3. Long ago I read some spiritual leader saying the key to coping with emotions and events coming at you is to allow them to pass through you without affecting.  One of many teachings that’s easier said than done. I think it takes a lot of practice and dedication to reach a place where you don’t even have to think about staying in the space of lovingkindness and compassion and calm.

There are many ways to work on holding that space.  One factor is how you “feed” yourself in your life.  Are you doing practices like metta or singing chats or meditating (whatever form) regularly? Are you reading books like Tara Brach’s 

Ripples from John Prine

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Upon hearing news of John Prine on a respirator with Covid-19, I was surprised at how much it affected me. I don’t think I ever saw him play and I never owned one of his records. As the days went by and I read comments from people I know who knew him and read accounts of his life, heard clips of songs I could surprisingly sing along with, I realized his early days in the Chicago music scene touched a lot of places around me.

The more I looked around, the more I became immersed in memories of the fabulous music scene in Chicago at the time I attended Northwestern University, Amazingrace Coffeehouse, friends who were involved at Amazingrace, musicians with whom I became acquainted just by going so often to hear them play…  And even though I didn’t cross paths with him, there he was in lots of places. Partial list of concerts at Grace over the years: https://docs.google.com/spreadsheets/u/0/d/1jdo4ecZXxPpf3JSIGaBdwVudT_UtMUFnpxIS-zeJHOw/pub?output=html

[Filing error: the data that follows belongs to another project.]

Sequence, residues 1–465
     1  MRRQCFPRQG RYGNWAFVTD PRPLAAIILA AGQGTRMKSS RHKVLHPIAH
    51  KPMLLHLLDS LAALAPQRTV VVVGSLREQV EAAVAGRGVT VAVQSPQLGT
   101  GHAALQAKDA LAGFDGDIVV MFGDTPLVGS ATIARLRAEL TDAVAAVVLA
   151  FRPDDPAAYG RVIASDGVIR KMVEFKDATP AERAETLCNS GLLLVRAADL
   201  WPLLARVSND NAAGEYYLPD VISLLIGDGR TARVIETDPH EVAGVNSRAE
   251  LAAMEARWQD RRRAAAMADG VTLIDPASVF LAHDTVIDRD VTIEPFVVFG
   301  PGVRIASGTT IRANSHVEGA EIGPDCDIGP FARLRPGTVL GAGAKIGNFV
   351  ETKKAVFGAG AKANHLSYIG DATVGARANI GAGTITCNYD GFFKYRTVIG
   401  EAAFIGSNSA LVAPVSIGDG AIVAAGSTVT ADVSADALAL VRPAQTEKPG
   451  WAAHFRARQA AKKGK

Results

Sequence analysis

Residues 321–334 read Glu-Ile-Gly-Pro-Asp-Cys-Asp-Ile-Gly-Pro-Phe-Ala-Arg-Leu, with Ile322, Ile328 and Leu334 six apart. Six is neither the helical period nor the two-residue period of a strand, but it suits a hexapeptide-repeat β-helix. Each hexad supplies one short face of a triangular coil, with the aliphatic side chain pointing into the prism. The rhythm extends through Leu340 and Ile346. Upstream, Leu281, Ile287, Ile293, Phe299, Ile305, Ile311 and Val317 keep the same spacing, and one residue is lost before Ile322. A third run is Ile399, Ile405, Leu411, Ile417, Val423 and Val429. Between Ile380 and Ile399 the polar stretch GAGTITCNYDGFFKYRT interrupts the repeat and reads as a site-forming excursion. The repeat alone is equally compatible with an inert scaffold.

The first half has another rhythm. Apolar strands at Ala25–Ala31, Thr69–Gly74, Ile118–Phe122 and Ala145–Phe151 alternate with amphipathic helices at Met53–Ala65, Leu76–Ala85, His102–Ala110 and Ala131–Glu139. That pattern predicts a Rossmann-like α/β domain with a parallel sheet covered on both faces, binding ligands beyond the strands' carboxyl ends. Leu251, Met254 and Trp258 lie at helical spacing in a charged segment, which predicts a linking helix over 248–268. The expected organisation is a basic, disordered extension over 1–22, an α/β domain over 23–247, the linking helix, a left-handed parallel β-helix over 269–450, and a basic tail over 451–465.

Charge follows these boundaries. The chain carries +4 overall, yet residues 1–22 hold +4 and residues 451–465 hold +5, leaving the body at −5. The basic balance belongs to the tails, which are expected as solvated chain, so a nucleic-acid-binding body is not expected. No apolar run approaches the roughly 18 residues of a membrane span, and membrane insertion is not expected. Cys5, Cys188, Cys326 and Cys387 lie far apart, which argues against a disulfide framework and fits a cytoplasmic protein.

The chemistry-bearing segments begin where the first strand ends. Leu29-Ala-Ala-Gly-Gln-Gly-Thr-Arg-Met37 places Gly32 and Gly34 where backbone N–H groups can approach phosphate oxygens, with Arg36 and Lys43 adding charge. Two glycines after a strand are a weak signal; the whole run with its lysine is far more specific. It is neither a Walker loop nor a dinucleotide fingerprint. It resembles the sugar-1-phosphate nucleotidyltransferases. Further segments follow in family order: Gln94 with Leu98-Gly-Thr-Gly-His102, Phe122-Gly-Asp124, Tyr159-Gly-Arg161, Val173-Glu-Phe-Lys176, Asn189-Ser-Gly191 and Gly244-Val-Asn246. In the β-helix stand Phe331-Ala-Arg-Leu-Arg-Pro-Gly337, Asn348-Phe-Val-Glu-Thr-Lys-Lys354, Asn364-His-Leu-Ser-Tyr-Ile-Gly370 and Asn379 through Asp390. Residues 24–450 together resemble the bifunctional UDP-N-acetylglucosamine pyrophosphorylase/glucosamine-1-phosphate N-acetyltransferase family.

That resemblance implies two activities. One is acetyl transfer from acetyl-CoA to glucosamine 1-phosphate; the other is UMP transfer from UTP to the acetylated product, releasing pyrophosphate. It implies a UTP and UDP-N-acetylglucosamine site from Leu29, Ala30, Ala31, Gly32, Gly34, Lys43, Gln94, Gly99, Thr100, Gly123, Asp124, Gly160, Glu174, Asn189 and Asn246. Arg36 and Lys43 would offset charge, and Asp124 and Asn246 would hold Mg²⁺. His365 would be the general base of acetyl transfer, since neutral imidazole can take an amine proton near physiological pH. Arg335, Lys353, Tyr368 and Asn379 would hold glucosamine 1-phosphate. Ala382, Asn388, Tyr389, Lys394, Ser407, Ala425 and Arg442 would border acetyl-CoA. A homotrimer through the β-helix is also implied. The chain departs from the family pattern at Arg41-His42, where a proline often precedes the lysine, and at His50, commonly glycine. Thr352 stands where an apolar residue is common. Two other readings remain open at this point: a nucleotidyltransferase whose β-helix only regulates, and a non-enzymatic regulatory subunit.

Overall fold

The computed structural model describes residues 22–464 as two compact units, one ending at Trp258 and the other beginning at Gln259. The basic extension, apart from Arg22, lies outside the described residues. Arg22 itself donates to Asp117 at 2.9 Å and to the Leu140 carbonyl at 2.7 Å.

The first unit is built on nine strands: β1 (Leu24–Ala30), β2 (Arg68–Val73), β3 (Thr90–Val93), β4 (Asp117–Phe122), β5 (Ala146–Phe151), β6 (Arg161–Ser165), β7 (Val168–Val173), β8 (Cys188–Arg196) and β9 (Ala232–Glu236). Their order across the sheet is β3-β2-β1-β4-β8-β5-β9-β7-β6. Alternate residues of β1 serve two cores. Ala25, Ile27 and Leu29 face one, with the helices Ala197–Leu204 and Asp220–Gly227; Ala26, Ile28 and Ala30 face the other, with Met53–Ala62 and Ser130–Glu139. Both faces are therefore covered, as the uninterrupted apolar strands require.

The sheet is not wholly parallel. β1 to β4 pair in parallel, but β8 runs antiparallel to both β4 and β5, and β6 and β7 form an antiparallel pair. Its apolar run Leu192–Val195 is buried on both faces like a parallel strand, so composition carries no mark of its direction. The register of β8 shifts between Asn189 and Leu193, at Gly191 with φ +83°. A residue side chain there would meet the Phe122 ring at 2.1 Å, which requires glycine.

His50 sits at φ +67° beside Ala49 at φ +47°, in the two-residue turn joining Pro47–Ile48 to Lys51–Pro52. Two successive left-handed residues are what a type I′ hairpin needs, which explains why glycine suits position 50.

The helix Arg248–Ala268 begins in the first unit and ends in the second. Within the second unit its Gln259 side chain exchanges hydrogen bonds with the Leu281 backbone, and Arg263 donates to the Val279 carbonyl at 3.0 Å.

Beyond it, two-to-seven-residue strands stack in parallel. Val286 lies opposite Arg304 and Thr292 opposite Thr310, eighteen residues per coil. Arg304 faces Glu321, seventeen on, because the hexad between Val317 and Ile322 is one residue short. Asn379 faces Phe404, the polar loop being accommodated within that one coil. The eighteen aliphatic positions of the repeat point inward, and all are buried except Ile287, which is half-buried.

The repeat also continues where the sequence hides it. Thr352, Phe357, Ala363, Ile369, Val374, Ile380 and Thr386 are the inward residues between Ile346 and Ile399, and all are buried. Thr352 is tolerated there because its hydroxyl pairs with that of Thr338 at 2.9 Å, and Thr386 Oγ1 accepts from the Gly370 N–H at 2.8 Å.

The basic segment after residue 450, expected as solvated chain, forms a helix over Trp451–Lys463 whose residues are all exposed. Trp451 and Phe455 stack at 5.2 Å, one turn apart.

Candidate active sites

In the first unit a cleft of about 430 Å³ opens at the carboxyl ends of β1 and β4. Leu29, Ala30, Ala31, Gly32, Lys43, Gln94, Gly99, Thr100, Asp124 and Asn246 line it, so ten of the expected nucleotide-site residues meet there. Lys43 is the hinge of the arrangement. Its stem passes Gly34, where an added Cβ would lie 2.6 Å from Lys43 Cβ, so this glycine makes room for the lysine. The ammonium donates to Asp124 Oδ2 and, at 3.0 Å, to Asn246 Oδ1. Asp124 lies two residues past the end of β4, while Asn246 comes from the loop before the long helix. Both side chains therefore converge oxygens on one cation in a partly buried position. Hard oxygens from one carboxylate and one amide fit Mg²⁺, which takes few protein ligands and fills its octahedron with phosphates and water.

It turns out he was considered part of a “big three” in the folk scene emanating from the Old Town School of Folk Music.  The other two were Steve Goodman and Bonnie Koloc and I saw both of them dozens of times, both at Amazingrace and various other clubs around Chicago. Prine played Grace often enough I gather they were all friends with him. I saw enough people there only once that it’s possible I saw him and just don’t remember as I know there are quite a few of those — at this stage with few exceptions I mainly remember the ones I went back to see many times.

The group that founded Amazingrace came together at NU the year before I arrived, part of anti-war/Kent State protests. The year I hit campus, the group got permission to use an area of the (then) student union, Scott Hall, to bring in music acts and serve food. I think that was where I first saw Steve Goodman and fell in love with his music. [Great piece in Rolling Stone last summer on Goodman: https://www.rollingstone.com/music/music-album-reviews/looking-back-on-john-prine-buddy-steve-goodman-860284/ ]